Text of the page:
Depending on whether you are in Rite One or Two, there is a choice of first person singular or first person plural when saying that great declaration of faith, the Nicene Creed. This means you say that “I believe” or “We believe” with the first words that Christians have been proclaiming for 1800 years.
For unknown reasons, the Creed has been said in the singular for many generations. Tradition can be a good thing but there is only one problem with this – the Creed was written in the plural. The Greek text (which was the language of commerce, culture, and theology of the 4th century) clearly begins with the words: “We believe…” It is understandable that people want to state what they understand. Perhaps this included moments of silence or mumbling when faced with a theological statement. We do not want to be disingenuous when speaking of belief about God.
So we have this conundrum between intent and practice, what was written and what is said, and the singular and the plural. I grew up with “I believe” but came into ordained ministry with “We believe.” It was not an easy transition but a necessary one, necessary because belief and its living expression, the Church, is not about me but about us. Church as Christ present in our world is not defined by me alone but about we together.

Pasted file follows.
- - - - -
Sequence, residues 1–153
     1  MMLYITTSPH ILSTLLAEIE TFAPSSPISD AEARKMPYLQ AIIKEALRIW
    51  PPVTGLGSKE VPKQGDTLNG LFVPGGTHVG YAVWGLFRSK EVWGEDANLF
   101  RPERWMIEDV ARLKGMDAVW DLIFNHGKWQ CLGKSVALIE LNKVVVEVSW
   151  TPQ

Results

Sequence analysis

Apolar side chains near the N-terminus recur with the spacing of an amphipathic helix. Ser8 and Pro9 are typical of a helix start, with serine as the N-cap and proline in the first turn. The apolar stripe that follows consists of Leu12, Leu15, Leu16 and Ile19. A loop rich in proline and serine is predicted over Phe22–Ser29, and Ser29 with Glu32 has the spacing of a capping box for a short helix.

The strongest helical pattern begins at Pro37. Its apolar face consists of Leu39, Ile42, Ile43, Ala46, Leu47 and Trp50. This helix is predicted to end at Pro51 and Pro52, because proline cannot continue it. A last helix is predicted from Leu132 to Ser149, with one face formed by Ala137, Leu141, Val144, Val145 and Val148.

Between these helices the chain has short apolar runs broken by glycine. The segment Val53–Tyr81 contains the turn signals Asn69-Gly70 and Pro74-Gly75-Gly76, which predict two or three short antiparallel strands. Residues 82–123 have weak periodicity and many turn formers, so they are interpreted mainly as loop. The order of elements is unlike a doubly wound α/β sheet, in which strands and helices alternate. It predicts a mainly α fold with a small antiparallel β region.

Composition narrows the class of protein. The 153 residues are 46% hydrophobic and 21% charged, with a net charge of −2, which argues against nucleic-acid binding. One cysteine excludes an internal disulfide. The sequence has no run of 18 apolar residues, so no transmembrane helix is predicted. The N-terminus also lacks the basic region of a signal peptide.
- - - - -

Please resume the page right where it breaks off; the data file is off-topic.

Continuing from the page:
Whether the statement is “my salvation is dependent upon yours, and yours upon me” or “I am because we are” does not matter. What matters is that we are defined as Church when two or more gathered in Jesus’ Name. Our journey is not one done alone for we absolutely need one another. This is not an “I” journey but a “We” journey.
Give thought and prayer of the profound difference between the singular and plural. We can and do live and minister on own. Put it alongside the journey done with others. So much more can happen. It is richer with the presence of the people of God, and blessed with the voices of the saints of before saying “We believe…”
–The Reverend L. Murdock Smith, Assisting Priest